Monday, March 27, 2006

Captain’s Book Review: “The Theory of Everything: The Origin and Fate of the Universe”

This book is actually a collection of essays and lectures given by Stephen Hawking. For those who don’t know who Stephen Hawking is, I suggest you get with the program. Some would say he is the Einstein of our day.

The essays are ordered chronologically. It starts out discussing theories of the universe from a historical perspective – sorta the history of the history of the universe. I learned how the view of the universe has changed over the centuries and how, even though we are obviously learning more and more everyday, there has always been “scientists” who think that we’ve learned it all.

One of the reasons I admire Dr. Hawking is because he knows when to admit that he is wrong. In the book, he admits that he lost a bet because he originally though that nothing could escape from a black hole, which turned out to be somewhat incorrect.

I also like his sense of humor. While some scientists abhor science fiction (such as Star Trek), he seems to not only admire it, but contribute to it (see Star Trek Reference below). He also uses science fiction to help get his point across and for the occasional humor.

As the book’s title indicates, Dr. Hawking discusses various views on whether or not there is a “master theory”. He doesn’t say for sure if there is, but it seems that he leans toward the idea that there is no “master theory” to explain everything. Instead, you need a sequence of and infinite number of theories to get a more and more accurate description of the universe. If we were able to find a “master theory”, however, then we would “know the mind of God”.

Dr. Hawking takes a rather interesting view of God. From what I have read, he believes in God. For a good believer, it is not simply enough to accept that God exits. God has given us a mind to think and reason and expects us to use it in that way. Dr. Hawking does a wonderful job in stimulating ideas and thoughts. Some of my favorite parts of the book were:

“Even if there is only one possible unified theory, it is just a set of rules and equations. What is it that breathes fire into the equations and makes a universe for them to describe?... Why does the universe go to all the bother of existing? Is the unified theory so compelling that it brings about its own existence? Or does it need a creator, and, if so does he have any other effect on the universe? And who created him?”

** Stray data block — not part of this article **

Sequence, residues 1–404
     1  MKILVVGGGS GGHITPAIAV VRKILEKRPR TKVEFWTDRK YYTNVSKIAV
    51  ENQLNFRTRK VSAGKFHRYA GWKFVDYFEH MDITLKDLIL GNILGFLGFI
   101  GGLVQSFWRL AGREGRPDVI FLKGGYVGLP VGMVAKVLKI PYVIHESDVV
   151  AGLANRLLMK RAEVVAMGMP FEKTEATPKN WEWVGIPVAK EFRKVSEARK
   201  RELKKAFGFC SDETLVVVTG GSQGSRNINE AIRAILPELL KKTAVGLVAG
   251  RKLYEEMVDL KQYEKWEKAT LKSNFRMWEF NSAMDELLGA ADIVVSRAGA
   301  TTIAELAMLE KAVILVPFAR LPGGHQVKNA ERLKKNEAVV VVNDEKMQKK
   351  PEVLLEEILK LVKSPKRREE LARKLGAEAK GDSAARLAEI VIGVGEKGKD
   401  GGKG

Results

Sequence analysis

“So long as the universe had a beginning, we could suppose it had a creator. But if the universe is really self-contained, having no boundary or edge, it would have neither beginning nor end, it would simply be. What place, then, for a creator?”

I just found out something very odd about this book. According to Stephen Hawking’s official website (the supposed author of the book):

“It has come to our attention that the book "The Theory of Everything: The Origin and Fate of the Universe" has been published. Professor Hawking would like to make it clear that he has not endorsed this book. The text was written by him many years ago, however the material has already been published in books such as 'A Brief History of Time'. A complaint was made to the Federal Trade Commission in the US in the hope that they would prevent the publication. We would urge you not to purchase this book in the belief that Professor Hawking was involved in its creation.”
http://www.hawking.org.uk/info/news.html

“The Theory of Everything” is quite short – only took me a few hours to read it while on the treadmill. Except for a few technical details that even a physicist-wannabe like me gets lost in, I enjoyed every though-provoking part of this book. However, I would follow Hawking’s recommendation to read “A Brief History of Time” instead – which is exactly what I intend to do shortly.


Star Trek Reference:
Stephen Hawking appeared in person on an episode of Star Trek: The Next Generation. He was playing poker with the android Data on the holodeck. Also sitting at the table were Albert Einstein and Sir Isaac Newton. For more detail about this, visit:
StarTrek.com



1 Comments:

At 6:41 PM, Blogger Khomsta said...

I always wanted to read Hawkings' material. But I was always afraid I might get sucked into this physics vortex and I'd be sorely disappointed. Ah, I need to start doing things without thinking about the consequences. :P

 

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